Navajos March on Farmington
By Daniel Kraker
Farmington, NM – Host Intro:
Racial tensions are flaring in a border town in New Mexico. But not along the Mexican border - in Farmington, on the northeastern edge of the Navajo Nation.
From KNAU's Indian Country News Bureau, Daniel Kraker reports.
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This past weekend, hundreds of mostly Navajo people marched into the city of Farmington. The walk was peaceful and quiet, save for the beat of a solitary drum.
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Organizers were careful not to label it a protest march. Rather they said they were honoring victims of racial violence. Daryl Joe drove in from the nearby reservation town of Shiprock to take part in the walk. Six years ago her sister-in-law was murdered by a Farmington man who's now on death row for killing several Navajos. She says Navajos have always labeled Farmington as a city of discrimination.
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AX: We all see it every now and then, but then you come to the Navajo Nation, there are people like that too We have our tradition, we call Kii, it's just coming together in harmony and working together, and that's something we're hoping this march will bring.
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AX: This morning it's hard for us to be here to say we're all marching for peace, and then there's these truckers and cars go by you know flipping the bird at us, we're going to see that, but we're above that, we're going to stand strong.
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Two primary incidents this summer have inflamed the ever present tensions here. First a Navajo named William Blackie was severely beaten by three white teenagers in June. The teens allegedly yelled racial slurs while they beat him. The trio has been charged with hate crimes. Six days later a Navajo man was shot and killed by a white police officer in a Wal-Mart parking lot. The San Juan County sheriff's office investigated and said the officer acted in self defense. But now the U.S. Department of Justice is investigating the shooting.
AX: There's no justice in Farmington for Navajos
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Mike Toledo, a young Navajo with jet-black hair spilling down his back, came to the march and to a rally held afterwards. He stepped onto the stage to address the crowd. His body visibly shook.
these white people, they don't think about us, they just want our money, that's what keeps Farmington going, but they still treat us like crap. I'm just upset, that's all I've got to say.
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Farmington city manager Bob Hudson understands the anger and the motives for the memorial walk. But he disputes the discrimination label.
AX: I don't think we're a city that does not welcome people of color, I'm sure there are many people that feel they've been wronged, I also know of many people that have raised their families here and they've never felt any injustices occur here.
Hudson does acknowledge the recent beating of William Blackie was embarrassing for the city.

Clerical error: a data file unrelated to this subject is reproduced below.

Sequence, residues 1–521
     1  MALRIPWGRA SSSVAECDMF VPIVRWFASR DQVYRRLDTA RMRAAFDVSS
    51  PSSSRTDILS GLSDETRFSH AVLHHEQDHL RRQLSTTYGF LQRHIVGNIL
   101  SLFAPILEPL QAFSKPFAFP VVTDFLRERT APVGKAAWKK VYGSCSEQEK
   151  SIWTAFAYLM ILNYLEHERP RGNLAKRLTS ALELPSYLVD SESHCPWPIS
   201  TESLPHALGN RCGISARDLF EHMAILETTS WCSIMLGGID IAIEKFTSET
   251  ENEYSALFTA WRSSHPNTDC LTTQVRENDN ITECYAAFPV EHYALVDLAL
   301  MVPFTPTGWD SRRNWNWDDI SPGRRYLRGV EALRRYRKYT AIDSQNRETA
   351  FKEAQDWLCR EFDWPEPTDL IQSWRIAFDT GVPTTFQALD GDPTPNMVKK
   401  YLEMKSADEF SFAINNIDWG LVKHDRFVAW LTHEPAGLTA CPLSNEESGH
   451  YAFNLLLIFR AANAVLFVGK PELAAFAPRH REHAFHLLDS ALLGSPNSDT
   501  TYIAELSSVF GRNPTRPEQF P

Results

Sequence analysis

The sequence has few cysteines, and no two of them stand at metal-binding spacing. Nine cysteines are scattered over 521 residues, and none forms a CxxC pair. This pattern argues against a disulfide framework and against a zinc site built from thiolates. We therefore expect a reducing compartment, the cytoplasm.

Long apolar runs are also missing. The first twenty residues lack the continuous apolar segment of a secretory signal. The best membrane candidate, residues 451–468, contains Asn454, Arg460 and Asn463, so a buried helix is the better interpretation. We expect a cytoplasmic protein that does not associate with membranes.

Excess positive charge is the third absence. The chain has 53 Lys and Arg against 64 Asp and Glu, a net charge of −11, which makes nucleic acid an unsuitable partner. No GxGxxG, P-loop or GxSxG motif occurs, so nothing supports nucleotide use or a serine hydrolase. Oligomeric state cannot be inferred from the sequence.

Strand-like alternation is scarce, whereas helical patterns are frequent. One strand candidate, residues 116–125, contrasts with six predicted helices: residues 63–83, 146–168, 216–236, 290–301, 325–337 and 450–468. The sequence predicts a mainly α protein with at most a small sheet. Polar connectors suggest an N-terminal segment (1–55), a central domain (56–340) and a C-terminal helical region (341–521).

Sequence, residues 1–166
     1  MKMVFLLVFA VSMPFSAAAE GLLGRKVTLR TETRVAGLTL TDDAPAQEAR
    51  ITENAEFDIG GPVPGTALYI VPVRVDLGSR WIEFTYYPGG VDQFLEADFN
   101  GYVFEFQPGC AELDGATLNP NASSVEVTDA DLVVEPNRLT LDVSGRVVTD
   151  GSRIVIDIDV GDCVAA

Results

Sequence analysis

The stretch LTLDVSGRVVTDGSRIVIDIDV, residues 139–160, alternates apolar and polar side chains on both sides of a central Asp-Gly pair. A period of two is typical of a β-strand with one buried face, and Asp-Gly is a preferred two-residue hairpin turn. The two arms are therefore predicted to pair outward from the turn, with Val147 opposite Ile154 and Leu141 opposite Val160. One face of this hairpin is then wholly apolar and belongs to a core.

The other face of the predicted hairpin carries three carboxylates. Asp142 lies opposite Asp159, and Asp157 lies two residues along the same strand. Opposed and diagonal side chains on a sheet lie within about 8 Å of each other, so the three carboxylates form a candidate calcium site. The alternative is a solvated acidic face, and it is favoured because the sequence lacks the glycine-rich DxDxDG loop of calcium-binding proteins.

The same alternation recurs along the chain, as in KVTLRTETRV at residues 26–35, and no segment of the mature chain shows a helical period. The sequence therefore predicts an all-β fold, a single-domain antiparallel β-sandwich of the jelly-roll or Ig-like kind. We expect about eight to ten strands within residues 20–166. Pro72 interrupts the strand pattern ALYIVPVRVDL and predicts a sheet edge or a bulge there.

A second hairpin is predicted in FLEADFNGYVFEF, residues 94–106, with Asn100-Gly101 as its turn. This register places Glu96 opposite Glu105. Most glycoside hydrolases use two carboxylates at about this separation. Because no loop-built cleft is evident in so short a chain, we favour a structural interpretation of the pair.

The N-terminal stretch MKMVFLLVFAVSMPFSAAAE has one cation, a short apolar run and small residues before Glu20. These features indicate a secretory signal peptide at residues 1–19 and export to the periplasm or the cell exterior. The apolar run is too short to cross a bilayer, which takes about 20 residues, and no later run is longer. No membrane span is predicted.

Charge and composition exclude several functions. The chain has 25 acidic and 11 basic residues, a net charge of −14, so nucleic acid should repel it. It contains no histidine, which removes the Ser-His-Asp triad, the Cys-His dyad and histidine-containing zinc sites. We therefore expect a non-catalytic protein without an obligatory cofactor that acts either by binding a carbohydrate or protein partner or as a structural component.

AX: But I will ensure you that it is isolated, it may not be the only incident that happened within the last two or three years, but clearly it's not something that happens on a daily, weekly, or even a monthly basis, there's been great strides since the 70s until now.
Hudson's referring to a gruesome murder in Farmington that took place in the 1970s. The city made national headlines when three Navajo men were tortured and killed by a group of white teenagers. The town was dubbed the Selma of the Southwest. Author and former journalist Rod Barker wrote a book about the 1970s murders called The Broken Circle. He uncovered a practice known as rolling Indians.
AX: What I found was there had been a whole history in Farmington of young white boys going out and what they called rolling drunk Navajos which is pick em up, take em out, beat em up for their belt buckles, for their hats, their boots, which became sort of like trophies, and over time this became almost a right of passage.
Since then the city and tribe have partnered on a successful rehab center. There are more Navajo business owners in Farmington. Two Navajos now serve as San Juan County Commissioners. And the city is working to create a human rights commission where Native Americans can formally voice their concerns.
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Despite those efforts, march organizer Duane Yazzie says racial relations in Farmington remain tenuous.
AX: I think a lot will depend on how the court system treats the three individuals that are charged in the William Blackie beating, but right now things are less than positive.
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Still, author Rod Barker says things are more positive now than they were thirty years ago.
AX: I think Farmington has changed, I think there's a capacity for contemplation and reflection that wasn't there previous, but there are going to be inherent problems in a border community, where you have two very, very different cultures.
Because of that inherent tension, march organizers say they're planning other peaceful walks in Gallup, Flagstaff, Winslow and Page. The Navajo Nation has also set aside 300 thousand dollars for victims' families, and to study the effects of racism in border towns.
For Arizona Public Radio, I'm Daniel Kraker in Farmington.